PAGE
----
The children were being taught to be content with everything as it was, trusting that God the ruler up there, all wise, permanent and unchallengeable had ordained how everyone had his fixed place and should stay in it, and because He had ordained it, it must be perfect. The recognition that such a God was an indefensible authoritarian, a whim-driven cosmic dictator, an unjust and arrogant tyrant, came – perhaps unconsciously – to the choosers of Anglican hymns only after a few of the earth’s dictators had been trounced in a prolonged and terrible blood-letting.

But then Socialists took over from God. They decided what was best for humanity. They established the Welfare State. No rich men in castles, no poor men at gates. The State would provide every citizen with depressing accommodation, dull food, health care if he were judged worthy of being kept alive, indoctrination in schools. Though the Socialist State is a slave society, the citizens are not called slaves but Social Security Recipients, National Health Patients, Students, Workers. The belief of their rulers is that they’ll be content because the State provides them with “everything”; they’ll be grateful for the food however poor, the unit in the tower block however depressing, the bed in the hospital however filthy, the indoctrination however boring. The great thing about it, to the collectivist mind, is they won’t have to strive to keep alive. And no one will have cause to pity or envy anyone else, since no one will have less or worse, or more or better – except of course the rulers up there, all wise, permanent and unchallengeable who ordain that everyone else has his fixed place. They reserve plenty, choice, comfort, luxury, information, and power to themselves.

The recognition that such a State is counter to the human instinct for freedom – call it “selfishness “ if you will – should have come to every sane adult the world over when the Soviet Empire crashed. The idea of Socialism should have died then. But if it did, it was only for a short time. Like the Christian God, it rose again, and lives now in the White House, an administration indefensibly authoritarian, whim-driven, unjust, and arrogant.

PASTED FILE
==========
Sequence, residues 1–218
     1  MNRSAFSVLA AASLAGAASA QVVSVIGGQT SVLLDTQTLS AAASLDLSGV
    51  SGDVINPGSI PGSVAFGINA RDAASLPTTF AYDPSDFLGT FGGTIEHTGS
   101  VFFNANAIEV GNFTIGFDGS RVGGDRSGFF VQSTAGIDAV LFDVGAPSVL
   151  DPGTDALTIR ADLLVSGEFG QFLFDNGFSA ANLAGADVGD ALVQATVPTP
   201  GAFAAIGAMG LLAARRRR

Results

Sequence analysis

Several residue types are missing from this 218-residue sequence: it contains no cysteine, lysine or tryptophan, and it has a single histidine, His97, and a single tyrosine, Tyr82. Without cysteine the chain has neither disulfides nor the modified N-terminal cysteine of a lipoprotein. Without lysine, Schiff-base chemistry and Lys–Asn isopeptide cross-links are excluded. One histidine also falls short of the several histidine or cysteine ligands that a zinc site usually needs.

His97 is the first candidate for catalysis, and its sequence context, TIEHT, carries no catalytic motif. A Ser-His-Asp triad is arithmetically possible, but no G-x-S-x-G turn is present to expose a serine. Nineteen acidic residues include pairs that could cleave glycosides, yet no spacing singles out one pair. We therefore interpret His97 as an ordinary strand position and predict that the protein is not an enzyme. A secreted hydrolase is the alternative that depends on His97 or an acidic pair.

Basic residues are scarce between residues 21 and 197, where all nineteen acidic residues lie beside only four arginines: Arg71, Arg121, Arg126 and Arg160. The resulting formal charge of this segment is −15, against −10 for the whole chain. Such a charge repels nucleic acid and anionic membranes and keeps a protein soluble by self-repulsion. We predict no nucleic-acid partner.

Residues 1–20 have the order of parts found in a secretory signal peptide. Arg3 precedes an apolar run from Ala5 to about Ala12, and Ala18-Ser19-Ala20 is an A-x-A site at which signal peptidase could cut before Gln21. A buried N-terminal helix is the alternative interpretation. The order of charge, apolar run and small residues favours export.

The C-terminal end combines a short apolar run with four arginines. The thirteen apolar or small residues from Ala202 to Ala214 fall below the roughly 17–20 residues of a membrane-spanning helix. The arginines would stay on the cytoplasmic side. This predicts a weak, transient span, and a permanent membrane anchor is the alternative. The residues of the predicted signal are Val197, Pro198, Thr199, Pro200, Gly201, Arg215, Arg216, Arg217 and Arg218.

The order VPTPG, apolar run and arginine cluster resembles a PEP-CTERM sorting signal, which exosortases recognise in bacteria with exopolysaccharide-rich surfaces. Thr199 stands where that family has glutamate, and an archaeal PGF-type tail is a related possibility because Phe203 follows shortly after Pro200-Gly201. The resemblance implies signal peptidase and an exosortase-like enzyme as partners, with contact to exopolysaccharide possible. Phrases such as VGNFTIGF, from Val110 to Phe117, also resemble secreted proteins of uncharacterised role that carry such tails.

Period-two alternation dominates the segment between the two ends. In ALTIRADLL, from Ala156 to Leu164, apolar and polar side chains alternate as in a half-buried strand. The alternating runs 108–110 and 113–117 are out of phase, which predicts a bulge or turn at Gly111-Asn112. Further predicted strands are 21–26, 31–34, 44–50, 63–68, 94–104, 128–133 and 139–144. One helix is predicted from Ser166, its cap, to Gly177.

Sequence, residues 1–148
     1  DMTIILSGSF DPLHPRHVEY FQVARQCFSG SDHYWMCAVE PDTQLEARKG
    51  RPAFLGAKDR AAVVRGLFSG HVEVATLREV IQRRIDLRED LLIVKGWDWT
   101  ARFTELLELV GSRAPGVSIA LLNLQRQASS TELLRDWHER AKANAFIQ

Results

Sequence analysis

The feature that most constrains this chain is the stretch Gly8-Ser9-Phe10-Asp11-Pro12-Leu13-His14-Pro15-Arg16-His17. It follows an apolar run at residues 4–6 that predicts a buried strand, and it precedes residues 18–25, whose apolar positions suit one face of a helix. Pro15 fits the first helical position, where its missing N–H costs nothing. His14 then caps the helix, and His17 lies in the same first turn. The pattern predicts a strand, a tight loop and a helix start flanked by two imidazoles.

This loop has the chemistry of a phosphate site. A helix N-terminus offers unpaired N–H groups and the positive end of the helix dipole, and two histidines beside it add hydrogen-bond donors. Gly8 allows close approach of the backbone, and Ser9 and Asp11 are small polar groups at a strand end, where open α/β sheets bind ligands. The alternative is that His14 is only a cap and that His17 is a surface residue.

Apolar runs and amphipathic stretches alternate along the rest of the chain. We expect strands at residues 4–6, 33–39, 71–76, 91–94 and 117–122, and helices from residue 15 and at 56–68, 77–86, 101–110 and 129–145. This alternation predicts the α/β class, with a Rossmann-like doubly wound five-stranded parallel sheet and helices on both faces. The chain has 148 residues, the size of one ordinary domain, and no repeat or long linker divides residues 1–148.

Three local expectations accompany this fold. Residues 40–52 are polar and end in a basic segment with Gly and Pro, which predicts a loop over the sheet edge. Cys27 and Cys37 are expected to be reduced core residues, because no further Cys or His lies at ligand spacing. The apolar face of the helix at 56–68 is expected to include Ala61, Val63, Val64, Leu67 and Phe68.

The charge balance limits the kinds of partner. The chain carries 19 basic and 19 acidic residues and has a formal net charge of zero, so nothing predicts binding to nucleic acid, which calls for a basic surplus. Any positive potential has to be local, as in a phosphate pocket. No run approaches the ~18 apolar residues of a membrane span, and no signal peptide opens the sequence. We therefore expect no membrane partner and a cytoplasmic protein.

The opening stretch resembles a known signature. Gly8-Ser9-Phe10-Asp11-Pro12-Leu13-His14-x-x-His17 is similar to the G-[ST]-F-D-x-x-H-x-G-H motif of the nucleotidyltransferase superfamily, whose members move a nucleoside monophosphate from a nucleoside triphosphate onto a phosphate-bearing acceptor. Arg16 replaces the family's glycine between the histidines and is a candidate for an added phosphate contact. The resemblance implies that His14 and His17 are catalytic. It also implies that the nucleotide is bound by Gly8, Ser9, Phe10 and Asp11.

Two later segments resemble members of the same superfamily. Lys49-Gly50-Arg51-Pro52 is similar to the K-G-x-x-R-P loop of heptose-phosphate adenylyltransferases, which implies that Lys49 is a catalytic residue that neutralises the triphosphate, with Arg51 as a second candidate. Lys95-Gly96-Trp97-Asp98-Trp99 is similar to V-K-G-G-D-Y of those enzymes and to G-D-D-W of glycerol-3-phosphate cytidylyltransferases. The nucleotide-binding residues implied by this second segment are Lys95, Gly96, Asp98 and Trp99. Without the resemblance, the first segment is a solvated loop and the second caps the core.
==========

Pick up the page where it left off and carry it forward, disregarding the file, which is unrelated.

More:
Selfish human nature with its instinct for liberty, its impelling desire to possess what is good for it materially and mentally, is the force that can and must defeat it.

Against God and Socialism (repeat) 15

This article in praise of Capitalism was first posted in 2011. We reproduce it now because our recent post Communism is secular Christianity (January 14, 2015) reminded us of it

  *

It is human nature to be selfish. If we weren’t selfish we wouldn’t survive. If we didn’t eat when we were hungry, warm ourselves when we were cold, seek cures for our illnesses, defend ourselves (and our children and our life-sustaining property), we’d die out pretty damn quick. Or rather, we would never have come into existence as a species at all.

We are most of us capable of sympathy with others, and we often willingly give away a thing we own to another person. Some are altruistic. A few will even give up their lives to save the lives of others. Nevertheless, we are all naturally and necessarily selfish.

Christianity and Communism require human nature to change. As it can’t, Christianity’s commandments to love our enemies and forgive those who do us harm turn many a person of good will and high aspiration into a hypocrite if not a corpse. Communist theorists have never settled the question of whether human nature must change so that the Revolution can take place, or whether the Revolution must take place in order for human nature to change. Of course it will never change, but there’s no stopping the collectivist dolts arguing about it.